I am so excited about today’s guest, Caila of Caila Made.
I have recently come to know this incredible Momma, and let me just tell you – she rocks my socks off! Caila’s talent is through the roof, and I was so excited when she signed on board for K.I.D.S. I may have done a dance around my living room, just a little :).
A freelance writer turned sewing enthusiast, this Momma of 3 little ones taught herself to sew through the internet!!! She is officially my hero. And exactly why I couldn’t wait to feature her here on Me Sew Crazy! She literally embodies the very reason I blog. And I couldn’t wait to see what Caila and her children would come up with for K.I.D.S.
Me Sew Crazy readers! I’m so happy to be here today! This has to be one of my favorite series out there in blog land, because I love seeing the unique personalities of our children emerge in our sewing. If motherhood has taught me one thing, it is that my children are not me. They are their own individual selves.
This is particularly true of my oldest son, Hudson. He’s five, and though we are very similar in temperament and personality, our interests are completely different. His brain is all science and math, whereas mine is full of words and art. Readers of CailaMade already know that Hudson is a walking encyclopedia of facts about Outer Space. He could name all the planets in our solar system (in order) when he was 3, and his knowledge just keeps increasing. He watched with fascination when the Curiosity Rover landed on Mars, and tells me with confidence that he will one day walk on the moon. I don’t doubt it.
He’s also a lego guy and I frequently find lego spacecraft and moon rovers of his own design laying around the house. I guess maybe he and I aren’t so different in our interests? He loves to create in his own way.
When I originally asked Hudson to design an outfit for this series he gave me a flat out NO. All he said was, “Just make me a space shirt, mom.” But I’ve already done that! Help me out here, kid! I tried for at least three weeks to get him to draw me something space-y so I could use it for inspiration, but no. Suddenly, one afternoon I saw him building this and it clicked:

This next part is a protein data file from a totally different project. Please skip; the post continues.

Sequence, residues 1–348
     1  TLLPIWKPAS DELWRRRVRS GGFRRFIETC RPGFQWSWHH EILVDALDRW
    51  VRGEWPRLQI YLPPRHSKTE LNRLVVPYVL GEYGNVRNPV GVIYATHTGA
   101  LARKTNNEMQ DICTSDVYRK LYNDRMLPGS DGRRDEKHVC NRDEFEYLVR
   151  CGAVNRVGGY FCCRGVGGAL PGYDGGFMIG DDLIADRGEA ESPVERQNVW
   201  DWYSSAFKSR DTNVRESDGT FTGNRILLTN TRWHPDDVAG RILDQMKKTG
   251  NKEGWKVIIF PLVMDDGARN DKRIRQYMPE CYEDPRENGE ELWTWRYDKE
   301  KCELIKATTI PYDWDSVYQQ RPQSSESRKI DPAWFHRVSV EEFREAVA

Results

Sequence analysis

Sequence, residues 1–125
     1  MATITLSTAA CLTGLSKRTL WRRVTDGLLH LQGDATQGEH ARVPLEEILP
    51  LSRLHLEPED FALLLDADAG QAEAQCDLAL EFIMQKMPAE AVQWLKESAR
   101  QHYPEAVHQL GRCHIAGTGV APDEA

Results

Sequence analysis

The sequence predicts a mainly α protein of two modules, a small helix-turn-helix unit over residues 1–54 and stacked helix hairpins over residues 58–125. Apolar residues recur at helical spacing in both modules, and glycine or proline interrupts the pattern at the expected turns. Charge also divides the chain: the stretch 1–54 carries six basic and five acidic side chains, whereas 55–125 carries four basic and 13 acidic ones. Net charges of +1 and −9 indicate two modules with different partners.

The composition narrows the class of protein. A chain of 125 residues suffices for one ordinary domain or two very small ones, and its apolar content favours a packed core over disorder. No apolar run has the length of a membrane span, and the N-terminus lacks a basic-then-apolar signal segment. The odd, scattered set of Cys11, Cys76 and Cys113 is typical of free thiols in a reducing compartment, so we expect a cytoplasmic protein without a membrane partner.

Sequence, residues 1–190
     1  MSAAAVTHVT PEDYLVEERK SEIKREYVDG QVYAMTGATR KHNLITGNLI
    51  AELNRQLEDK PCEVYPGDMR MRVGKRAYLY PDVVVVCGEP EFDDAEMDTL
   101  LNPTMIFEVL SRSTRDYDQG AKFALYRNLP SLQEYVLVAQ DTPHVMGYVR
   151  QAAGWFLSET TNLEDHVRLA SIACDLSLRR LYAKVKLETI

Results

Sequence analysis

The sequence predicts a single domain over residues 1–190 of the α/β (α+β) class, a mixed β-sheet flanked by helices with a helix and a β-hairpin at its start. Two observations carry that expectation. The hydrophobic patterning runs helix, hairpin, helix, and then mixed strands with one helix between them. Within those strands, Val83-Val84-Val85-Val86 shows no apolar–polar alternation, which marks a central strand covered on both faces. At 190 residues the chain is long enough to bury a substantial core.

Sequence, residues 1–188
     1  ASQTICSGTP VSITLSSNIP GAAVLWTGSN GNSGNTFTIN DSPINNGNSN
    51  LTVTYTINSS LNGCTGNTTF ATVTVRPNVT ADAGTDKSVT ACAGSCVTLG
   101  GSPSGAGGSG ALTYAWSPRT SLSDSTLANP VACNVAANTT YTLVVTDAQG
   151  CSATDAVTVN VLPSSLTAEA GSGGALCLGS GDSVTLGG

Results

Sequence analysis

Hudson didn’t need to draw me some space inspiration, because he was already building space inspiration every day! His creations are literally under my feet on a daily basis; all I had to do was pay attention.
So I snapped the photo above with my iPhone and sent it to my computer. I opened it in my photo editing software, Pixelmator, and turned it into a sketch. I’m sure you can do this in most photo editing programs, but I’ll share my steps using Pixelmator in case any of you want to try my method. By the way, I purchased Pixelmator for $7 through the Apple App Store on my computer and it has never done me wrong. It’s great photo editing software with a lot of extra perks, for very little money. Great for this blogging mamma!
OK, so this is what I did. Here is the original image in Pixelmator:
Using the Effects Browser, I chose the “Sketch” option and turned it into a black and white sketch. I played with the threshold and contrast until I was satisfied, and then added the words “moon rover” under the image.
All those little gray checks show that the background is transparent; they don’t show up in the printed image. Here is a side-by-side of Hudson’s moon rover pictures:
Pretty cool, huh? When I printed out the sketch, Hudson was so excited we had to frame it for his room. That’s success, ladies!
Putting it on the shirt was just as easy. I used a transfer paper called Josie’s, which was purchased at Joanne’s or Michael’s (can’t remember which) and I was not pleased with it. I usually use Leslie Riley’s Transfer Artist Paper, which is fantastic and comes out like a screen printed image, but I didn’t have any on hand. As a result, the image on Hudson’s shirt looks faded. But I’m taking this in stride because faded is kinda the “in” thing here in Southern California.
Using Transfer Artist Paper is very easy, and I offer simple instructions in this post. The two most important things to remember are:
- Print the image as a MIRROR IMAGE, otherwise the finished product will be backwards on your shirt.
- Cut closely around your image to avoid extra TAP sticking to your shirt.
- I left off the pocket.
- I cut a size 6/7 but had to add 3/4″ to the side seams and 2″ to the bottom hem. My son usually wears a size 6 (or Small in Quicksilver shirts, which is what he mostly wears). Next time I will probably cut the 8/9, but I thought I’d give you fair warning. This pattern may run small, or maybe it’s just my boy.
Caila!!! I am totally geeking out over this post and what you made for little man! That is INCREDIBLE!!!! You literally just blew my mind! Thank you so much for sharing this, that tutorial is incredible and I will definitely be using it as Ben gets older. After all, what little boy doesn’t love legos?! This whole thing is just WOW. Thank you so much for being here and being a part of K.I.D.S.
Please be sure to head on over to Caila Made and show her blog some love, it is filled with incredible inspiration just like what you saw here today!!!
Thanks so much for stopping by, and until next time…